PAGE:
The pressure switch will be equipped with only 2 setting adjustments. The larger nut will allow adjustment of the cut in and cut out pressure range, whereas the smaller nut will alter the pressure differential.

The pressure differential setting should not have been altered as it will have been appropriately calibrated at the factory to 20 psi.

With the differential correctly set to 20 psi, the larger nut will alter the operating range such as between 30/50 and 40/60.

Is it common/possible for the pre-charge to slowly leak out over time vs the bladder letting water in?
Yes, but that will signify an air leak to the exterior of the tank.

recalled I had closed the faucet before pumping so I had created a closed system. Sooooo, I drained everything down again and since I had it drained down I decided to replace the gauge so I'd really know what was going on with the pressure. Then I left the faucet open....I put the bicycle pump back on and it was VERRRRY low again. I
I suspect water continued to remain in the tank's water chamber, but because you closed the drain valve prior to adding air to the tank, any water in the water chamber had no where to drain to, so adding air increased both the air and water pressure until you opened the drain valve which allowed water to exit from the tank, which resulted in the air chamber pressure to drop again. When adjusting a pressure tank's air pre-charge pressure, always keep the drain valve open, so no pressure can build in the tank's water chamber, as pressure in the water chamber, will alter the pressure of the air within the air chamber.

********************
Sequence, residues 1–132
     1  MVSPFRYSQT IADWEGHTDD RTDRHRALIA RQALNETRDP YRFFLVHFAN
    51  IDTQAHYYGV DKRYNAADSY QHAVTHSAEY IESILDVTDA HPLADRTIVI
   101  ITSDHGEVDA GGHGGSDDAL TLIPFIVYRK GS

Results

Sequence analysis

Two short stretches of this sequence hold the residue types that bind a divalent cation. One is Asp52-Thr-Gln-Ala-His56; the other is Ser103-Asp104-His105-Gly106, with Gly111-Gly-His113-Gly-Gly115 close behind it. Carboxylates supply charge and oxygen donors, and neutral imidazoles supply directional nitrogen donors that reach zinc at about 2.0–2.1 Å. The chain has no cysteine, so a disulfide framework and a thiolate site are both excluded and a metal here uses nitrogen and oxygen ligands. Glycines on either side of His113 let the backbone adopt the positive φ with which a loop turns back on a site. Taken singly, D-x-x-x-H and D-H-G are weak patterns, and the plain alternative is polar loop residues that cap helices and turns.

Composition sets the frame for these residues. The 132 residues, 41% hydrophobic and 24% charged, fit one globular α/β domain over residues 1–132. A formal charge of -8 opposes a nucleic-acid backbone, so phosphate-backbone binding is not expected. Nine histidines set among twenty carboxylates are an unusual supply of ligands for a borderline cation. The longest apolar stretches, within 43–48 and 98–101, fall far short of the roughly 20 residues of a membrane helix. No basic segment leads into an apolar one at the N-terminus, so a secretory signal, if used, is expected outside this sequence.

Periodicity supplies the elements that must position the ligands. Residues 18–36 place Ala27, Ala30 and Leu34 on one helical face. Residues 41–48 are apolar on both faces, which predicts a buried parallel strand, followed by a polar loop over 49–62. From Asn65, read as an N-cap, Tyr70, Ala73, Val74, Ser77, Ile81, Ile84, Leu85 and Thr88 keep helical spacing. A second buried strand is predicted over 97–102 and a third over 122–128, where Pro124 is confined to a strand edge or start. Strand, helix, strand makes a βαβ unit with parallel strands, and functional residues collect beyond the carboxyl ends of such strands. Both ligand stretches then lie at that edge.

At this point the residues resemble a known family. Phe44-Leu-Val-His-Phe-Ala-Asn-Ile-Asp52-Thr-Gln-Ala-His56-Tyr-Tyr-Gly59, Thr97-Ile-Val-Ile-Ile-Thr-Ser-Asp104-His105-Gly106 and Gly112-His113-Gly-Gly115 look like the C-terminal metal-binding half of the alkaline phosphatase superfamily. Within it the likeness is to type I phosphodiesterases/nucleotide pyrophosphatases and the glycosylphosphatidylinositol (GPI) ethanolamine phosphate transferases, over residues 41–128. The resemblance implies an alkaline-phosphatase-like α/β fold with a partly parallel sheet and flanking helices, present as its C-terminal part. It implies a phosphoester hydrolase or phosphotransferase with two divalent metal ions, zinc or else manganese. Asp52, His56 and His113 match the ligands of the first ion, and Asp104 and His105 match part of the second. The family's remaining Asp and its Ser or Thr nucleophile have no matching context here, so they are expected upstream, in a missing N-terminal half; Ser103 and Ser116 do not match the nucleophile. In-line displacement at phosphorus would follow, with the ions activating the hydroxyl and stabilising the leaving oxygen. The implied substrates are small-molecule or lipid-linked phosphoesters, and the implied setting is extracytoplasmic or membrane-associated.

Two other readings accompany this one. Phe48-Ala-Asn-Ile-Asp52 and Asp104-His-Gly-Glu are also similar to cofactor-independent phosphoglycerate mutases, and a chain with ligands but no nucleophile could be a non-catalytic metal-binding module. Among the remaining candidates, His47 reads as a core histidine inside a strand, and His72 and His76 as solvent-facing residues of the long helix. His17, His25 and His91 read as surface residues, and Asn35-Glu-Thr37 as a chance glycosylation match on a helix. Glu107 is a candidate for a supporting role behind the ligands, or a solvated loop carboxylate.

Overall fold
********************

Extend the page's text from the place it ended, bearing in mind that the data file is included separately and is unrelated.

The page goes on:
Amtrol's tank sizing calculator and they recommend the 202XL which is 26g which yields a 7gal draw-down (which I think is the proper sizing for getting a 1 minute run time on the pump).
Sizing the pressure tank to achieve 1-minute run time, is the bare minimum, but using a larger tank to achieve 2-minutes run time, is preferrable. Best yet is to utilize a cycle stop Valve with a 4.5 or 10 gallon tank, since the CSV will prevent cycling regardless of the pressure tank size.

A pressure tank is not a water storage device, but acts as a timer mechanism to cause the pump to operate for a minimum amount of time after no water is further needed. As LL said above, due to how a pressure tank functions, the amount of water within a pressure tank cannot be relied upon to provide continued flow during a power outage. Although your tank should contain ~9.3 gallons @ 60 psi, almost 0 water will remain when the system pressure is 40 psi when the pump becomes activated. When there is a power outage, depending on water usage since the pump was last shut off @ 60 psi, the system pressure remaining is more likely to be significantly less than 60 psi, at times possibly only 41 psi.